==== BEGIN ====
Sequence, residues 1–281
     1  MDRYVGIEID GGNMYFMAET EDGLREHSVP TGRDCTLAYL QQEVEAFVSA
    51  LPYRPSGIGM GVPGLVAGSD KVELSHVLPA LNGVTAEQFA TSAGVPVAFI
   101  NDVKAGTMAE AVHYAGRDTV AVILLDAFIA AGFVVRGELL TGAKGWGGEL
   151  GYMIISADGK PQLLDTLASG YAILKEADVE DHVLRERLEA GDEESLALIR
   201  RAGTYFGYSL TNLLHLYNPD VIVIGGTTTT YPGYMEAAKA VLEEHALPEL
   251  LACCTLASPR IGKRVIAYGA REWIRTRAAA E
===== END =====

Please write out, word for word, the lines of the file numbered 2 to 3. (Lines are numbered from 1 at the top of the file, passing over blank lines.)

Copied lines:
     1  MDRYVGIEID GGNMYFMAET EDGLREHSVP TGRDCTLAYL QQEVEAFVSA
    51  LPYRPSGIGM GVPGLVAGSD KVELSHVLPA LNGVTAEQFA TSAGVPVAFI